Ashby Farmers Cooperative Elevator (AFCE) is a cooperative in Minnesota with a financial relationship with CoBank, one of the Farm Credit System’s (FCS) banks, and the only FCS institution permitted to lend to cooperatives. But AFCE has fallen on hard times because its former general manager, Jerry Hennessey, allegedly embezzled money from the co-op “to bankroll big-game hunting trips and other personal expenses.”
Things just got much worse for Mr. Hennessey.
The Grand Forks Herald reports that the U.S. attorney for Minnesota has charged Mr. Hennessey with federal income tax evasion as well as two counts of mail fraud. Federal involvement in this matter indicates that its impacts are broad and far-reaching, and that it merits investigation by a higher authority. Of course, there’s already a higher federal authority – the Farm Credit Administration (FCA). As Farm Credit’s regulator, the FCA has a mandate to keep Farm Credit in check. The FCA should have been one of the first lines of defense.
Federal prosecutors should not stop their investigation at Mr. Hennessey – CoBank’s role in this should also be under scrutiny. How could CoBank, a large financial entity with more than a thousand employees – including many auditors – and immense resources, miss that the AFCE was in trouble? According to John Kokkinen, assistant U.S. attorney prosecuting the case, Hennessey had “made numerous misrepresentations to the lender (CoBank) regarding the Co-op’s assets that were to serve as collateral for the line of credit, including the amount of grain the Co-op had in storage.”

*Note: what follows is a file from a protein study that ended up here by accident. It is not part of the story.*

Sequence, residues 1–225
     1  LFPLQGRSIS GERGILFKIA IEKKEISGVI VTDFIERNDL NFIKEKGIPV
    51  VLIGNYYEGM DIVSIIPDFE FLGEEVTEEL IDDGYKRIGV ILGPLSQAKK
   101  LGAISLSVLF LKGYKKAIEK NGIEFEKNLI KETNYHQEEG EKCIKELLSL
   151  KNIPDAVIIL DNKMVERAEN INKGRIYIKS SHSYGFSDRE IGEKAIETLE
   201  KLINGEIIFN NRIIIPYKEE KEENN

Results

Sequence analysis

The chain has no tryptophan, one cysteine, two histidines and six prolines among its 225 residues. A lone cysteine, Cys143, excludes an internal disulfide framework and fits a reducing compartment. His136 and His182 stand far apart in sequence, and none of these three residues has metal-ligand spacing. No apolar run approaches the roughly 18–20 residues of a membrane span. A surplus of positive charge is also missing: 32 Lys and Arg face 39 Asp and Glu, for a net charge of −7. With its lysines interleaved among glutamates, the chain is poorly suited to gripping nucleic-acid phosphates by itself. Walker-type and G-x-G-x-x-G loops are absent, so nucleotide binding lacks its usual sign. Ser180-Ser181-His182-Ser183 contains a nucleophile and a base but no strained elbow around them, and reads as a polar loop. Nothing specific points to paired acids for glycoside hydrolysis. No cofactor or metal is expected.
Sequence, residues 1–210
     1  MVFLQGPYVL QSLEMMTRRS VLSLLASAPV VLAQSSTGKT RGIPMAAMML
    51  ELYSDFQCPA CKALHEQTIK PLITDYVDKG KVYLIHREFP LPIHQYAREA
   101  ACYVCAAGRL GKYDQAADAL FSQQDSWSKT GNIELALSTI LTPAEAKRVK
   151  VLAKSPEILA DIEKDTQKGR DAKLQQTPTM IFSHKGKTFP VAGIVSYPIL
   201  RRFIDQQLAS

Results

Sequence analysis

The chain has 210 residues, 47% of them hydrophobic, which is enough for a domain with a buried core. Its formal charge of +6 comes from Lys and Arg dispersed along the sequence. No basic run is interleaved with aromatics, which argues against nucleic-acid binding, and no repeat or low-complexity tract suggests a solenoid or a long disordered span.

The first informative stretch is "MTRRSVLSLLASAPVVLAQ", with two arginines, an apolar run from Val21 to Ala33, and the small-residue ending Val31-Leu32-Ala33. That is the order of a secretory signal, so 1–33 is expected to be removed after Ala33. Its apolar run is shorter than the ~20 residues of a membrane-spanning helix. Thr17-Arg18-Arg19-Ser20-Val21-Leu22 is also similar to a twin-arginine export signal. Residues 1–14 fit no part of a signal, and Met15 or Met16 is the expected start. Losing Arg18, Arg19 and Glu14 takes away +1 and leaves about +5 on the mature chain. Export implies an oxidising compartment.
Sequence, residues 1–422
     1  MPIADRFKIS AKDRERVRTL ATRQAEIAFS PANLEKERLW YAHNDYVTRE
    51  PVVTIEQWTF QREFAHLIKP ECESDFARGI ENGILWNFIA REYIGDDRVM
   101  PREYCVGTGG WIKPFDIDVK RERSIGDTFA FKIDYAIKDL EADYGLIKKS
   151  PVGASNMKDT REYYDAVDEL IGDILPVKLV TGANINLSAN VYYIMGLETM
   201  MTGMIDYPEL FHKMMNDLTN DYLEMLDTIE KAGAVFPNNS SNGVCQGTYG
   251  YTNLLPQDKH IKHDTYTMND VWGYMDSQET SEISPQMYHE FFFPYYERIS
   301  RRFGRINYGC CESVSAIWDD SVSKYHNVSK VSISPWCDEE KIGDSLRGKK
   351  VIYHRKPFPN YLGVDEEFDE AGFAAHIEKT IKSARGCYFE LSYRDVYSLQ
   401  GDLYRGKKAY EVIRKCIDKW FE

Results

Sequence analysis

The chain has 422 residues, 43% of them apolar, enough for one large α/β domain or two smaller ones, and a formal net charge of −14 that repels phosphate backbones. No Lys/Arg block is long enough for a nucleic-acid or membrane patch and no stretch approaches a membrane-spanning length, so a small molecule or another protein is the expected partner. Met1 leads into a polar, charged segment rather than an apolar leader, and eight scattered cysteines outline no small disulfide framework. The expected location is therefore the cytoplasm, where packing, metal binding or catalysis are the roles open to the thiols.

Why hadn’t CoBank verified that the co-op had the amount of grain it claimed? Why didn’t CoBank verify Hennessey’s statements to determine whether they were true or misrepresentations? This was fully within CoBank’s power – Erik Ahlgren, an attorney retained by AFCE to piece together what went wrong, noted that while a co-op is not required to do an annual audit, CoBank, as the co-op’s lender, could have required one.Why hadn’t CoBank conducted an audit? Are there other co-ops that it has lending relationships with which haven’t been audited? Has the FCA investigated whether CoBank is conducting enough thorough audits? If it hasn’t, then why hasn’t it?
CoBank is putting farmers and members of these co-ops at risk by not conducting reasonable, regular audits. If it is going to extend loans and enter into financial relationships, it should be thorough and measured, for the sake of the farmers and member-owners of the co-ops it is entitled to serve.
CoBank isn’t going to just do this on its own accord – that would cost it money that would be better spent on loans for telecoms and real estate investment trusts (REITS). It will need a nudge from the FCA. And if the FCA won’t take on the job, Congress should.